Motor Vehicle Accidents: Injured
Injured - The FindLaw Accident, Injury and Tort Law Blog

Motor Vehicle Accidents

Motor Vehicle Accidents are the leading cause of personal injury lawsuits in America. According to the NHTSA, someone in the United States is involved in a car accident every ten seconds. Generally, most lawsuits involving car accidents are brought about using theories of negligence. Sometimes, however, personal injury lawsuits could be brought under the theory of reckless driving, where the driver had a clear disregard for the probability of accident. Other theories under which a motor vehicle lawsuit could be brought are intentional misconduct and even strict liability. Strict liability imposes responsibility regardless of fault, but is usually only ever imposed in cases involving product defects or extra hazardous activities.


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Top Personal Injury Questions From FindLaw Answers: March 2015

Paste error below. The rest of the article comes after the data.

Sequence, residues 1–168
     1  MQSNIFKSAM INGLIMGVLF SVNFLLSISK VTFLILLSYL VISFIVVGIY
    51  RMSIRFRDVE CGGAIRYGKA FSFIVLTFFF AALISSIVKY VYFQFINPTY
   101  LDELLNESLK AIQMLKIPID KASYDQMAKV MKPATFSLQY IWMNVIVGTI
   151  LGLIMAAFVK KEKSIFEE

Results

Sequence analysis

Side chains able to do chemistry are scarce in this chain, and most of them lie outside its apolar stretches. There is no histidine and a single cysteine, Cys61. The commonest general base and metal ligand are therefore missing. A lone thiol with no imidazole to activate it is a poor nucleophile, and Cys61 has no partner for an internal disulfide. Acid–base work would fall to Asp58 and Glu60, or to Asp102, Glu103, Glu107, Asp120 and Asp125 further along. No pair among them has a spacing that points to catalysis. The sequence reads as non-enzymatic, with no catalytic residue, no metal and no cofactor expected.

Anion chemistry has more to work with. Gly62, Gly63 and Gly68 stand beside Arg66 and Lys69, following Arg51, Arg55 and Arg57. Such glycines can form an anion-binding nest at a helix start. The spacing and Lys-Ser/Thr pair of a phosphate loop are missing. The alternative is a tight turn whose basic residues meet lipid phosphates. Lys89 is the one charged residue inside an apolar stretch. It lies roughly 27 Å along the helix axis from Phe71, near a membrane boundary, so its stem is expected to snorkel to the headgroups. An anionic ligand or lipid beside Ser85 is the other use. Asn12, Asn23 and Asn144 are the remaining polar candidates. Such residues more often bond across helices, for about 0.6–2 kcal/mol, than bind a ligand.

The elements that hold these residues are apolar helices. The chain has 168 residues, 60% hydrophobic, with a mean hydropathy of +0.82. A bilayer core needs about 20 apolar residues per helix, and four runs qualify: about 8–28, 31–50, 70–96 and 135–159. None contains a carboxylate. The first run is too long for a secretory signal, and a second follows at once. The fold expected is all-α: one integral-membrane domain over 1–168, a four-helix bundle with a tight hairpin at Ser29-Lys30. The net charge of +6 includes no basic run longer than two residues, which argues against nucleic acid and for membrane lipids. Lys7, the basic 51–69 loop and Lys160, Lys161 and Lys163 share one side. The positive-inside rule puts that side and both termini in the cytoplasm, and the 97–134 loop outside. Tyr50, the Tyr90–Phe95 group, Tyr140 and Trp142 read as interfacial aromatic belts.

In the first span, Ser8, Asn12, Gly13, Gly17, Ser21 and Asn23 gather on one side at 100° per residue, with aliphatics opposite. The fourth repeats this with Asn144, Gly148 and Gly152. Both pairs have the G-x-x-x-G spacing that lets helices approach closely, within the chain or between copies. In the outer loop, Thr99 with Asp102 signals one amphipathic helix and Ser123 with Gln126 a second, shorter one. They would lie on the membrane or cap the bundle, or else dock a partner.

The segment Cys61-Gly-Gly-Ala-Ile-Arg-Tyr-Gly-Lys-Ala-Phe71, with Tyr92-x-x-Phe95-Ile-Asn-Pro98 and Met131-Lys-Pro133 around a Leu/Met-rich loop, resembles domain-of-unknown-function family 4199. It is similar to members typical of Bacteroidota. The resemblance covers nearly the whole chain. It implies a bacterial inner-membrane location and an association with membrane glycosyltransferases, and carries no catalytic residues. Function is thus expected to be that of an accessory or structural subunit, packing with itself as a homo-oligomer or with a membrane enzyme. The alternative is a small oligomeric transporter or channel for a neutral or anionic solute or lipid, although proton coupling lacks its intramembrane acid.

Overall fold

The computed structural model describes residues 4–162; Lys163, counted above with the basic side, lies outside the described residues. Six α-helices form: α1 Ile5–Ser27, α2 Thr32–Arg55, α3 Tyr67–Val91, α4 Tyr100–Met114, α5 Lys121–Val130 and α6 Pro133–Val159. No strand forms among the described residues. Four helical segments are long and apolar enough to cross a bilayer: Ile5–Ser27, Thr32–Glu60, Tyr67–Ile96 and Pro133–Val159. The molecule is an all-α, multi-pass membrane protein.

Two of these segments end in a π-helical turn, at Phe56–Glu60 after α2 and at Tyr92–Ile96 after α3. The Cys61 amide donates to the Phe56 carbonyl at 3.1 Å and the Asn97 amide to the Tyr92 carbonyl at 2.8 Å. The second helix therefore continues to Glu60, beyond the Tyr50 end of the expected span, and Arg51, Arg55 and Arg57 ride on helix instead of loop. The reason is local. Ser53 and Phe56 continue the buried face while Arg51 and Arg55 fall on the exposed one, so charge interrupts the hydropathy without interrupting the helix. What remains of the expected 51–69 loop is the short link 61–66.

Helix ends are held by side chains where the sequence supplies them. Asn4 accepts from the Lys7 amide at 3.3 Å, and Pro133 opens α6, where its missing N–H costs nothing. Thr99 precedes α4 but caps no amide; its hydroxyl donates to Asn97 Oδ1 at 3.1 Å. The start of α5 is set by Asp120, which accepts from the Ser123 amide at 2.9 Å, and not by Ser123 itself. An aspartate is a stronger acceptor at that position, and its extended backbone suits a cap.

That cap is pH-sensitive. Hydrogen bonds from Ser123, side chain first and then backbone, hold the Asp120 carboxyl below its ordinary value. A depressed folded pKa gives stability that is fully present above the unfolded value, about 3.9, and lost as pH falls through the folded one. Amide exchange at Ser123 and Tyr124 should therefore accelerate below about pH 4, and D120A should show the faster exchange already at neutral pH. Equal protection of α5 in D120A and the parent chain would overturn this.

You've got questions... we've got answers. If you have not yet asked or answered a question in FindLaw's Answers community, what are you waiting for? This amazing free resource supports a dynamic community of legal consumers and attorneys helping each other out. Simple as that.

We see a lot of great questions in our Answers community every day. Here's a look at two recent questions from our accident and injury boards:

1. I was injured in a car accident caused by a city bus driver. Is it possible to sue the government? And if I can sue the government, is the process any different from suing a 'regular' (non-government) party?